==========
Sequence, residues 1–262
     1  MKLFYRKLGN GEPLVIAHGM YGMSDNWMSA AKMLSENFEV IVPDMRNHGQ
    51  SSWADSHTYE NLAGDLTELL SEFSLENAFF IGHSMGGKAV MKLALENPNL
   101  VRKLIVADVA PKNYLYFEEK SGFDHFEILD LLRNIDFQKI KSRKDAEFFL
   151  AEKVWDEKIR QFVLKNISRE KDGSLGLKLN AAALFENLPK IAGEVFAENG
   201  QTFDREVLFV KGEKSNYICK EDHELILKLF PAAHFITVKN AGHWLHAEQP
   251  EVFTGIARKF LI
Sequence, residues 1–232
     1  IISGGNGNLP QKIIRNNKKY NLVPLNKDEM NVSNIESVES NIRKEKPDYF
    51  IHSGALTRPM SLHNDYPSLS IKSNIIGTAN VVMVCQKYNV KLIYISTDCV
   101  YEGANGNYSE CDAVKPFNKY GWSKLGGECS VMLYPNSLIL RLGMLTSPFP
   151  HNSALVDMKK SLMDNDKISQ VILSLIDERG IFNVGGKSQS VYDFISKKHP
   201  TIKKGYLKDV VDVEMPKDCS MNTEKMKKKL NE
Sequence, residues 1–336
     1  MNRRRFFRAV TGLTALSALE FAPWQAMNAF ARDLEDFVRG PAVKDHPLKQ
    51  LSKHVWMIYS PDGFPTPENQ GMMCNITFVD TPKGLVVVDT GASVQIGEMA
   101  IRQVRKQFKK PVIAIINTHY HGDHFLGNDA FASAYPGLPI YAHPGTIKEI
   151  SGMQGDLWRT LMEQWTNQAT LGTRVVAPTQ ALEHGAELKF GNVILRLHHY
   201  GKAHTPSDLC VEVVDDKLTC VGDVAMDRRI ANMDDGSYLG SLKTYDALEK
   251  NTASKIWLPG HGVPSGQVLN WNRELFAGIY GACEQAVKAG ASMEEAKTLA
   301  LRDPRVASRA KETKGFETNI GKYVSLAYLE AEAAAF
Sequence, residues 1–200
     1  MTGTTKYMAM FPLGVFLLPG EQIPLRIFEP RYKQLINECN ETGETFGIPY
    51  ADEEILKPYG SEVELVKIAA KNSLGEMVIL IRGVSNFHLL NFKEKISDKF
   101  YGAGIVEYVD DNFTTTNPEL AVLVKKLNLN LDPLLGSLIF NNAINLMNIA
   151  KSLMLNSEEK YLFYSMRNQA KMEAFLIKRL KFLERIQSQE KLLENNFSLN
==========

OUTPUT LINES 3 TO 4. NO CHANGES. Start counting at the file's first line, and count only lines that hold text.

    51  SSWADSHTYE NLAGDLTELL SEFSLENAFF IGHSMGGKAV MKLALENPNL
   101  VRKLIVADVA PKNYLYFEEK SGFDHFEILD LLRNIDFQKI KSRKDAEFFL